Walkout day shines a light on plight of part time professors

    The prevalence of part-time contracts for professors means many earn less than the garbage man despite spending tens of thousands of dollars to get there.

    (Andrea Bárcenas/AQ)
    (Andrea Bárcenas/AQ)

    On Feb. 25, adjunct faculty from a number of American universities plan to cut class to protest unfair working conditions as part of National Adjunct Walkout Day. Less drastic measures are expected in Canada, where part-time faculty are usually unionized.

    Canadian Association of University Teachers president Robin Vose says at STU and across Canada, underpaid part-time professors are working for free when they research.

    “They love their jobs and so they do it,” Vose said. “They don’t get paid for it. The universities work this fiction where they say, ‘We’re only paying you for your classroom hours and your grading hours. We don’t expect you to do research.’ It’s a fiction because the vast majority do it anyway.”

    CAUT is an umbrella organization for faculty unions. Its posters hung on STU campus reads one out of three university professors are on temporary or part-time contracts. That ratio is closer to one in two at St. Thomas, not accounting for professors on sabbatical or leave.

    Those part-time professors make between $5,638 and $6,239 per three-credit hour course they teach. The median wage for all ranks of full-time professors is between $100,000 and $125,000. President Dawn Russel has the most expensive contract at the school, totaling at least $250,000. A part-time professor teaching six courses would make about $35,000.

    Part-time English lecturer Andrew Titus says the walkout day is a great idea to draw attention to the plight of union-less adjunct professors in America, but here in Canada, the situation doesn’t quite call for it.

    “It’s an awkward position to be in,” he said. “I support everybody’s right to have a job, and I support every PhD’s right to equal opportunity to tenure-track positions, but the truth of the matter is the university is a business and they only have so many positions for it.”

    Titus, like many other part-time faculty, works through the summer. He’s mowed lawns, shoveled top-soil, painted buildings, done short-term research jobs, and served as a note-taker in a labour negotiation. He and many other professors have received employment insurance, though new government restrictions make it difficult to get.

    “I have three children, so I have to make money during the summer. So basically whatever comes, that’s what I do,” he said.

    Titus never went for his PhD after his Master of Arts. In most fields, one can’t rise to the level of professor without a PhD. He believes there was less competition for tenure-track positions in the 70s and 80s, but by the time he got to university in the early 2000s, the popularity of academic careers caught up with the explosion in enrolment. He knew the market for his job, and decided that he would take a shot at being a lecturer anyway.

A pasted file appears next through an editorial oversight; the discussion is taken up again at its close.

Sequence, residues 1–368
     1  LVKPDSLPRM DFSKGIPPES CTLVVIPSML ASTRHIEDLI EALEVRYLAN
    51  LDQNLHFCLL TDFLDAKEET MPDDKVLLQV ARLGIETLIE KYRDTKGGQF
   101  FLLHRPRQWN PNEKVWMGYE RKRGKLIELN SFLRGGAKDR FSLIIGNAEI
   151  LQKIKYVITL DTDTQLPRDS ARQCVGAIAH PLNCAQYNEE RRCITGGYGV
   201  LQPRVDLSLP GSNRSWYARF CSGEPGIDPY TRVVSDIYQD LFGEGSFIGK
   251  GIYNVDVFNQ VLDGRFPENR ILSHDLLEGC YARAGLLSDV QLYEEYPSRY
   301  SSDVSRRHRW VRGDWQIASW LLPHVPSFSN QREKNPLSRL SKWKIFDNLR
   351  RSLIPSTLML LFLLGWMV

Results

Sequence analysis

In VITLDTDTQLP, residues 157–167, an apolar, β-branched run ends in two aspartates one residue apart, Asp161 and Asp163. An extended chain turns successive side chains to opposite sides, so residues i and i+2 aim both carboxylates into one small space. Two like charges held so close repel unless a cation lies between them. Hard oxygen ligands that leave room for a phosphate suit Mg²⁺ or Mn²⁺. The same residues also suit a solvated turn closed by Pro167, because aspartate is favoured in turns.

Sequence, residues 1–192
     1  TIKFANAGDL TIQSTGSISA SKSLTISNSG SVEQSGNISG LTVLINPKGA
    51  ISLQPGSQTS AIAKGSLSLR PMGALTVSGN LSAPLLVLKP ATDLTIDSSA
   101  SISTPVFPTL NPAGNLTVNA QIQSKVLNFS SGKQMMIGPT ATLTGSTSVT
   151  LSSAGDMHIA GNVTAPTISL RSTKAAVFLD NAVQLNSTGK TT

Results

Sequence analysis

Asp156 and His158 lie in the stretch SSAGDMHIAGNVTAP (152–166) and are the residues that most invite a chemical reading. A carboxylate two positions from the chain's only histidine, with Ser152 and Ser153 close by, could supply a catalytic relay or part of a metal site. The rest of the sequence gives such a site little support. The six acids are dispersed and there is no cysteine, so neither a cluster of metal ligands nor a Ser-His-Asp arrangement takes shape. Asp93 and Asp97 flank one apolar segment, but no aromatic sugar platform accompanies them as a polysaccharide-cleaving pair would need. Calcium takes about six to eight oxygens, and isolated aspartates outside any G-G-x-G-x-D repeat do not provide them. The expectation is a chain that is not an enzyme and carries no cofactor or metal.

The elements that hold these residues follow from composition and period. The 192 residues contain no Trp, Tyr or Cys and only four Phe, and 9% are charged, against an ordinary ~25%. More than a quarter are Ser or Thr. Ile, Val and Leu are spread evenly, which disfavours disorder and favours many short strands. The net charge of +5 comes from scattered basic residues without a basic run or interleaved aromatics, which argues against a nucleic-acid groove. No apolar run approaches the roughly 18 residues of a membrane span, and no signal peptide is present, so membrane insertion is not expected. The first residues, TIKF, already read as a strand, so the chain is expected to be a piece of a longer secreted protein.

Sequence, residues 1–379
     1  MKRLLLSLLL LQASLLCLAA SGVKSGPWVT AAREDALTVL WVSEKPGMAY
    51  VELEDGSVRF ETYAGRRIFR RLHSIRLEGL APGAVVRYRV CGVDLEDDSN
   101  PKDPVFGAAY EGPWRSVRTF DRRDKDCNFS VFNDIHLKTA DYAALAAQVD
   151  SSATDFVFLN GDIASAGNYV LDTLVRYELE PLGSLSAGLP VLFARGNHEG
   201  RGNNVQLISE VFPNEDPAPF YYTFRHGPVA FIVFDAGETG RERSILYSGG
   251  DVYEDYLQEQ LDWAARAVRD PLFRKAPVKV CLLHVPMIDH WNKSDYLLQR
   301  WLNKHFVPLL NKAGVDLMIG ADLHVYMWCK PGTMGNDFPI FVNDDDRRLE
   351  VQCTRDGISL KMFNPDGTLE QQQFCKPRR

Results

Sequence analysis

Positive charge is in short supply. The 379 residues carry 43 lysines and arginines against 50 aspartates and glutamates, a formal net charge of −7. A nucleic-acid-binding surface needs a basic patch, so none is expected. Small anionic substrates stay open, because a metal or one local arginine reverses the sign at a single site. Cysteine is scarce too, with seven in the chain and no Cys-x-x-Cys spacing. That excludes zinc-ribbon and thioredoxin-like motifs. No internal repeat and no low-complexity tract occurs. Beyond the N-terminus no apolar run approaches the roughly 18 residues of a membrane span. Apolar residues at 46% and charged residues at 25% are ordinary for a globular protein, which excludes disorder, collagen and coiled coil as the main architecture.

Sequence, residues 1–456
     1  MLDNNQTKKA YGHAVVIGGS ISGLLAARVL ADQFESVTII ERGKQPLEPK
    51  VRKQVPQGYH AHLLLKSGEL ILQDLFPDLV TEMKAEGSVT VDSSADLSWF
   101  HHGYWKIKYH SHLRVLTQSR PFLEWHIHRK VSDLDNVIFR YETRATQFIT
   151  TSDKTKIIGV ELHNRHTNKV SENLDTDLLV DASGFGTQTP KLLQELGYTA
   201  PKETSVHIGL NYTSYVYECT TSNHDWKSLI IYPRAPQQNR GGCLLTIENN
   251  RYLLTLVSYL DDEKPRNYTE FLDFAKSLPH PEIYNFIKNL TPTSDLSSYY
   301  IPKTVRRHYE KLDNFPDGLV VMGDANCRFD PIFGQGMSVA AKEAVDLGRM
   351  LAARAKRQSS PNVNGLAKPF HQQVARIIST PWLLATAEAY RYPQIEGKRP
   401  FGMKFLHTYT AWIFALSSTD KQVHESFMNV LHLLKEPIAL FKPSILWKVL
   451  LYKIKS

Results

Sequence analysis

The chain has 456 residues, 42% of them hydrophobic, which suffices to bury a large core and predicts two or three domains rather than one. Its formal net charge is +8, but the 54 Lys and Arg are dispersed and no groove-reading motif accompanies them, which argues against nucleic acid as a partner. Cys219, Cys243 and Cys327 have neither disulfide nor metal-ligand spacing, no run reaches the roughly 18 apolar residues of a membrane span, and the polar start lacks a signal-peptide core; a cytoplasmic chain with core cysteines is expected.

“It is still an excellent job, that I chose, and that I would not trade in for the world. I love teaching and when you love something this much, you make sacrifices. And as for my tenured colleagues, I hold no ill will towards them at all, understanding that we have made different choices and so are in different situations.”

    STU communications director Jeffrey Carleton said STU worked hard to grow its complement of full-time staff, but financial restrictions keep the school from reaching its goals. In the past 18 months, the school has hired full-time teachers in sociology, education, journalism and communications, human rights, psychology, social work, and education.

    ” There are a lot of individuals who teach part-time who bring a lot of professional experience into the classroom, and you see that across a range of disciplines, but at the same time we’d like to add more full-time faculty,” Carleton said.

    “We have competing calls on very limited financial resources.”

    Over an average fiscal year, STU’s revenues rise one to 1.5 per cent, while expenditures rise 3 to 4 per cent.

    Vose, who served as president of the Faculty Association of the University of St. Thomas from 2009 to 2012, says that business-first outlook is damaging universities.

    He fears a growing division between teaching and researching, that universities conceived as corporations will more often hire inexpensive teachers while focusing on expensive research projects that aim to make waves in their field.

    “The dream scenario is one where the government and society recognizes that universities are special places in society – the only places where people freely come together to explore knowledge, where they’re not tied to outcomes and products,” he said.

    It’s not just universities either, said Vose. As the job market rebounds, reports consistently show more part-time, low security jobs replacing careers.

    “This is something FAUST has been at the forefront of: recognizing that we’re not in this alone and that this is absolutely tied to the firefighters, to public sector employees, school teachers and journalists,” Vose said.

    “Can we all see that society is better off when people are fairly paid and have some amount of job security, and have jobs they’re passionate about?”


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